Grime

How Grime Is Taking Everything But The Kitchen Sink In 2015

Grime

The term grime has been used a lot this year. It’s a genre that’s been waiting, sometimes unpatiently, for its turn at the big time and it seems 2015 is finally that year that underground British rap, defined as grime, will get its due attention. If you’re going going to jump on board, there’s a few things you need to know so at the risk of simplifying what is a genre entrenched in history we’ve compiled a little cheat guide here to help you catch up.

What Has Already Happened?

Grime may not be a new genre to British people but to this rest of the world, this is our first time flirting with the genre that was born in London. It emerged in the early 2000s in an east-London town called Bow, an area of economic deprivation. It was a reaction to the growing popularity of underground genres such as garage and jungle and saw the MC move from hype men to the main event. Music journalist Simon Reynolds , “Inherited from the period when two-step ruled the top 10, but also inspired by enviously watching the living large of American rap superstars, Grime feels a powerful drive to invade the mainstream and get ‘paid in full’.”

While Wiley is widely regarded as the figure-head of early grime, Dizzee Rascal’s Boy In Da Corner was one of the first to gain both critical and mainstream appreciation. He took home the Mercury Prize in 2003 and grime was heralded as the new genre ready to define a generation in the same way that punk rock or ’90s rave did. But it didn’t happen. Inevitably Britain’s biggest grime stars like Dizzee, Tinchy Stryder and Tinie Tempah all looked to more mainstream genres for success. Even Wiley released a pop album titled See Clear Now which featured the likes of Mark Ronson and Lily Allen. He has since returned to the genre.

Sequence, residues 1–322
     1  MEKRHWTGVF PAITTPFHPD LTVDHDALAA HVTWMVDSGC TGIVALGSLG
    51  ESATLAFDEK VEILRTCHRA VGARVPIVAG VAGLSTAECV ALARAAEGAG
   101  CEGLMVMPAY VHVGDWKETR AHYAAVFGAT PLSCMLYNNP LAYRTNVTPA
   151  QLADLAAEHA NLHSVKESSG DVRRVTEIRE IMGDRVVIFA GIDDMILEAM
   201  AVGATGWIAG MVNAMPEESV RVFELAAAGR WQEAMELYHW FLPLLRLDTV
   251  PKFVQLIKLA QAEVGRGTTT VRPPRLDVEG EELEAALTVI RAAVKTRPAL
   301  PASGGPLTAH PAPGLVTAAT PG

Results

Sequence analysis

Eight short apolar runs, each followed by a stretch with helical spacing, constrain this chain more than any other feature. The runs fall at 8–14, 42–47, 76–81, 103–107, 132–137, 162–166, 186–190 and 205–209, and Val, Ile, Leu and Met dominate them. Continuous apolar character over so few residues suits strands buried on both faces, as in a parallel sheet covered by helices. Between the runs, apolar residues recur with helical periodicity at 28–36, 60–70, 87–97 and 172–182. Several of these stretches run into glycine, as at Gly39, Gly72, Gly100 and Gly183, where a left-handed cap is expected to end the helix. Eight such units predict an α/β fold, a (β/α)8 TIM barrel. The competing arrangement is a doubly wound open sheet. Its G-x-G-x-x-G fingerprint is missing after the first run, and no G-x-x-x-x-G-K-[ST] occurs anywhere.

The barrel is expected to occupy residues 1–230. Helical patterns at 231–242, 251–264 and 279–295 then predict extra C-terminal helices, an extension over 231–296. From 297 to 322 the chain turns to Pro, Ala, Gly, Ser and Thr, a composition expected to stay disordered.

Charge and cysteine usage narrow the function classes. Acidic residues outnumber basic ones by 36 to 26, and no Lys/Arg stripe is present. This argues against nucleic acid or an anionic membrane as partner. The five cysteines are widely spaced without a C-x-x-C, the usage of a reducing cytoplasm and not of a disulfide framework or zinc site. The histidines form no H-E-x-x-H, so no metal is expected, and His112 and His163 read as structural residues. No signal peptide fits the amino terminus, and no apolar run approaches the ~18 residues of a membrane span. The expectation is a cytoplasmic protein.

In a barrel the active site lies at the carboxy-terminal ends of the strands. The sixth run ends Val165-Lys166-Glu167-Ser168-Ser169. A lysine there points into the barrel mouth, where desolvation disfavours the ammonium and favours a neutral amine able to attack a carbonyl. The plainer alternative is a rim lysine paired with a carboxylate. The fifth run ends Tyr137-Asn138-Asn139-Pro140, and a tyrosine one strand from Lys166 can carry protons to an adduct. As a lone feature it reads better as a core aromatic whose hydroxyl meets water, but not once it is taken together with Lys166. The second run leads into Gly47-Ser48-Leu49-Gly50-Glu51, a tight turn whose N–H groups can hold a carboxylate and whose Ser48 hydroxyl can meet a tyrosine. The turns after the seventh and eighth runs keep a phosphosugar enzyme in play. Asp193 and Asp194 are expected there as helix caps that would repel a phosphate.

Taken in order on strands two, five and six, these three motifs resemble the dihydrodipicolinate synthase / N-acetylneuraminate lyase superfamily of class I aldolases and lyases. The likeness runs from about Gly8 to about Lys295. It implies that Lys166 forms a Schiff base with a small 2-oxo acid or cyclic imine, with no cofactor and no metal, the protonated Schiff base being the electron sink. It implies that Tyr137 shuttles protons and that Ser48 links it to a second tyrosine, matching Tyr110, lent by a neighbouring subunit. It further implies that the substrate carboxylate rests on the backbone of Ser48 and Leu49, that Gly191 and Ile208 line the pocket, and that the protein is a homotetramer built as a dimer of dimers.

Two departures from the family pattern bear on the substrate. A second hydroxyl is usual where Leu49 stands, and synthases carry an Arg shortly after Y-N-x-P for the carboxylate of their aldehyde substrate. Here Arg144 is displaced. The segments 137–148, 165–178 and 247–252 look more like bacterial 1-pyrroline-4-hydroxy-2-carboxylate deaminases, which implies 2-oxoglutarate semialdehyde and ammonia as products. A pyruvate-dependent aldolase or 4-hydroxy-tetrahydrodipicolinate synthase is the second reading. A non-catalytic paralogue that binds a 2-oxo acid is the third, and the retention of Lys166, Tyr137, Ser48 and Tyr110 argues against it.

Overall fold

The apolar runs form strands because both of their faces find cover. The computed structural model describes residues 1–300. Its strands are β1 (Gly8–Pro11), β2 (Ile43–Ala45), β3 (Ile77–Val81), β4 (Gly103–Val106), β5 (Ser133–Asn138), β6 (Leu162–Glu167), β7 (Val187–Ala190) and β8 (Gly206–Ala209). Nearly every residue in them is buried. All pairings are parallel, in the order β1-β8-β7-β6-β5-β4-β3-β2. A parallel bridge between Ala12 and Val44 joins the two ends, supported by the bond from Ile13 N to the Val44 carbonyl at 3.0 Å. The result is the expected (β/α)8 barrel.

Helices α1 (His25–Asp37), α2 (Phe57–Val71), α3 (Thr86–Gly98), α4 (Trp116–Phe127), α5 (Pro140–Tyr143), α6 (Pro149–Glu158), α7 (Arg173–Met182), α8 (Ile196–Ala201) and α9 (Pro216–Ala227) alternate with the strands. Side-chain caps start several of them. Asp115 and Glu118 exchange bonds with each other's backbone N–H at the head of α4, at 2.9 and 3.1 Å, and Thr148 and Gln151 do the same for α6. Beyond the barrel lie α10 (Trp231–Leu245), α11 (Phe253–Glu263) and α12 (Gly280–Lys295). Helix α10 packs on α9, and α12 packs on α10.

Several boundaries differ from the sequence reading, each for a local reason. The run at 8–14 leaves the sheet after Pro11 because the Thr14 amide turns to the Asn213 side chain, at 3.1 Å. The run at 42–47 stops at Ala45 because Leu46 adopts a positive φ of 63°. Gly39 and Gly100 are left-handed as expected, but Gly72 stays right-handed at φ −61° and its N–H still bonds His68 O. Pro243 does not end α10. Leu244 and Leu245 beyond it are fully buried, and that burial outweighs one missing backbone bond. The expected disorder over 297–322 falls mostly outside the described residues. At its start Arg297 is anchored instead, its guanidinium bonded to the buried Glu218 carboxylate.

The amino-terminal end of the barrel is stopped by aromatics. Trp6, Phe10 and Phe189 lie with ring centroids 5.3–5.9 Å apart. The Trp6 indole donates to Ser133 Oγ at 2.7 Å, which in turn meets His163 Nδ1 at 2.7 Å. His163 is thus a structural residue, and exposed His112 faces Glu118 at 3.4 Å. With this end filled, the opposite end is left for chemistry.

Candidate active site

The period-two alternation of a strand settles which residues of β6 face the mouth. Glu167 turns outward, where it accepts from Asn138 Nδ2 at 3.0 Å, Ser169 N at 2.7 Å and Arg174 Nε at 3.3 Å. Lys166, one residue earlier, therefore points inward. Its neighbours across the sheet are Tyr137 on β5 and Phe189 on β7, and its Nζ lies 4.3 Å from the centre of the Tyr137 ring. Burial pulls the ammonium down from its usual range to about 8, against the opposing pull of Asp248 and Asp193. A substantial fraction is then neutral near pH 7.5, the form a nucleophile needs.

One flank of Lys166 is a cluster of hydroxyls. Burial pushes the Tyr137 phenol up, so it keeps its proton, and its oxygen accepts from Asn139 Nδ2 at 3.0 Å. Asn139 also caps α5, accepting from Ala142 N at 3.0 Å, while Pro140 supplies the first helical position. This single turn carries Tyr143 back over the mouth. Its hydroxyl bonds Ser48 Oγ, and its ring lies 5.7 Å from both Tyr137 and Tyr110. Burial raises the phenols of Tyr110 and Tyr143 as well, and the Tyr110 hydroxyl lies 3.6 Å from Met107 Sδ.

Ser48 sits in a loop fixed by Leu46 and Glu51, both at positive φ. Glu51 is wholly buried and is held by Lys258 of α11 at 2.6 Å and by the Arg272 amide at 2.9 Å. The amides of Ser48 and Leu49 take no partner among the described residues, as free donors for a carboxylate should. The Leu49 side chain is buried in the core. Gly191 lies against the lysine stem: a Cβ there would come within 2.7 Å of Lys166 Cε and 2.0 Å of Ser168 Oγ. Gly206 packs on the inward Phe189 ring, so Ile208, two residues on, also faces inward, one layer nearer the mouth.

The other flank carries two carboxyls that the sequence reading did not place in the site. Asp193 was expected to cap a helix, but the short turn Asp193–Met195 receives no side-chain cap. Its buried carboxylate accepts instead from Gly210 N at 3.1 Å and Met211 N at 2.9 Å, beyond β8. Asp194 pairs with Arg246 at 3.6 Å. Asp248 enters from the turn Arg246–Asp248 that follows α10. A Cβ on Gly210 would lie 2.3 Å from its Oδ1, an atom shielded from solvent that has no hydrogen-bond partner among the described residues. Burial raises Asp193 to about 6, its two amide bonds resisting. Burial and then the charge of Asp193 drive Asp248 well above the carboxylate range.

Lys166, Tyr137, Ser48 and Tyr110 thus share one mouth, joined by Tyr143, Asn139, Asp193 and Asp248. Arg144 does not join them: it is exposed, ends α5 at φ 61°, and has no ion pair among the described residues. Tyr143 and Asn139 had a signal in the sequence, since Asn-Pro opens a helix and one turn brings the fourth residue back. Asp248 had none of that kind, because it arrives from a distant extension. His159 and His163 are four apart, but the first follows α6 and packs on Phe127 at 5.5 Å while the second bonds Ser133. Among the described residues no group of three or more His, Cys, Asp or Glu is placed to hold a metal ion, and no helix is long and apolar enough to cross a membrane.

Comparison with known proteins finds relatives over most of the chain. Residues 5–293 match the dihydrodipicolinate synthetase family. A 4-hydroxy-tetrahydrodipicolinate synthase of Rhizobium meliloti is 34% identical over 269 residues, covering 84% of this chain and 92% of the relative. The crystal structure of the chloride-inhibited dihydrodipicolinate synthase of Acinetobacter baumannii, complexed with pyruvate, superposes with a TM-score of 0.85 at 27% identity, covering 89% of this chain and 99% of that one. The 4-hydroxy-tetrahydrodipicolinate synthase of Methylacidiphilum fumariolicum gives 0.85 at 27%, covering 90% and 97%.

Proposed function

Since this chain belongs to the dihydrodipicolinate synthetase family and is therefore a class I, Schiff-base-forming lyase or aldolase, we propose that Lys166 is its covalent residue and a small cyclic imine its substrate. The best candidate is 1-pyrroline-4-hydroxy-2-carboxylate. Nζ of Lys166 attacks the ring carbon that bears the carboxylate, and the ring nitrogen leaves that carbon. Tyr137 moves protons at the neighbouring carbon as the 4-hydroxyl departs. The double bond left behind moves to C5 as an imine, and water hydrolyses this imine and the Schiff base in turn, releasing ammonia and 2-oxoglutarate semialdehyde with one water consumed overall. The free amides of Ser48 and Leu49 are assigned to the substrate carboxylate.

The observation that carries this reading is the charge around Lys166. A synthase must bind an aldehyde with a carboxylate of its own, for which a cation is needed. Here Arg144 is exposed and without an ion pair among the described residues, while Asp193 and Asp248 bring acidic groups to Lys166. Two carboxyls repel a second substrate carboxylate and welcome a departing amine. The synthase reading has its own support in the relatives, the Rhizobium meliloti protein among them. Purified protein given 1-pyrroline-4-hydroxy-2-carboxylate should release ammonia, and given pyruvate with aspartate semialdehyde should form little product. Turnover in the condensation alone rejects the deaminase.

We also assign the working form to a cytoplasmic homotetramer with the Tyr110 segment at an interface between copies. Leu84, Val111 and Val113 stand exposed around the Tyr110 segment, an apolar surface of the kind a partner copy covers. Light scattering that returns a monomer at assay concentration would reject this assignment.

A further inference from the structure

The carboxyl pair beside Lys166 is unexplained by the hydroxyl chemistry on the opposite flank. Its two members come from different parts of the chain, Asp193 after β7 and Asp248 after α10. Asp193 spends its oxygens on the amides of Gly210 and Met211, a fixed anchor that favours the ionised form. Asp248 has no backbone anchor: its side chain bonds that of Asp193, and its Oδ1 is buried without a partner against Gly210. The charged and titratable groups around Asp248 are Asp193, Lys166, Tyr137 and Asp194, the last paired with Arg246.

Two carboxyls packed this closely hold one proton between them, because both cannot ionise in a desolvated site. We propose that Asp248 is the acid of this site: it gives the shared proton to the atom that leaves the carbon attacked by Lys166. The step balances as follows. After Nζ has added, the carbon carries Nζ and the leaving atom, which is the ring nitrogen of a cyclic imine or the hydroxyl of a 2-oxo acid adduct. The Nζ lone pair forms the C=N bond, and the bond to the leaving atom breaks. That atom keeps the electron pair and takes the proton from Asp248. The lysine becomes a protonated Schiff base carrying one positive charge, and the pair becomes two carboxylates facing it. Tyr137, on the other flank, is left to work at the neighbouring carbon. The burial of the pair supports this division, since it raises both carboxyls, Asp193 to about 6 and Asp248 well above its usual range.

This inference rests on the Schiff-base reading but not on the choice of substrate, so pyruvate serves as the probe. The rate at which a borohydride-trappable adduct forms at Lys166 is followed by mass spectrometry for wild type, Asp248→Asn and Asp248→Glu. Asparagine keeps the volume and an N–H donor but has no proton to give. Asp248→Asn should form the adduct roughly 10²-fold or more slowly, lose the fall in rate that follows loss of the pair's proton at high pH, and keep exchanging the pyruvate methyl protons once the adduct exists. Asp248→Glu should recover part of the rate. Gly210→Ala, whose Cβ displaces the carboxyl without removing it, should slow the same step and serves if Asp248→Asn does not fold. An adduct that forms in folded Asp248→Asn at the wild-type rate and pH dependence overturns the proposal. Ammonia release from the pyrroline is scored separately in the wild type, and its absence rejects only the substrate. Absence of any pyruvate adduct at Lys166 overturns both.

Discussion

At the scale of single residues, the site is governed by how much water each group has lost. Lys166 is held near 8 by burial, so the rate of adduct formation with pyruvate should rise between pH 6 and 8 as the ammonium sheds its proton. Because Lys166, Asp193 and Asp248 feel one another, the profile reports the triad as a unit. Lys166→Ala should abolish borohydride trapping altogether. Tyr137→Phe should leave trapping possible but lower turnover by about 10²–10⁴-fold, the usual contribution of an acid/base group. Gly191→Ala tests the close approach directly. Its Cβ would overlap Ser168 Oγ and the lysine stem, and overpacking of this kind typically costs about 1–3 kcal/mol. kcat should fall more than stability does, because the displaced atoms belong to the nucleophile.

We all embraced Dizzee Rascal a few years ago but it’s hard to argue that the tracks that gained traction on the charts had much relationship to grime. His most popular songs were produced by the likes of Calvin Harris and Armand Van Helden who really wouldn’t know grime from a rhyme. Dizzee’s last popular single featured Robbie Williams on the hook, if you need any more convincing that he’s pretty much deserted grime. A British documentary Music Nation detailed this period in which Dizzee and Wiley looked for more American sounds for inspiration as the moment that grime lost its identity.

Still, there are plenty of artists that have continued to chip away at the genre and now are being paid their dues for their loyalty. English grime label Boy Better Know, helmed by JME, Skepta and Wiley, has been releasing records from 2006 to now that sit firmly within the genre.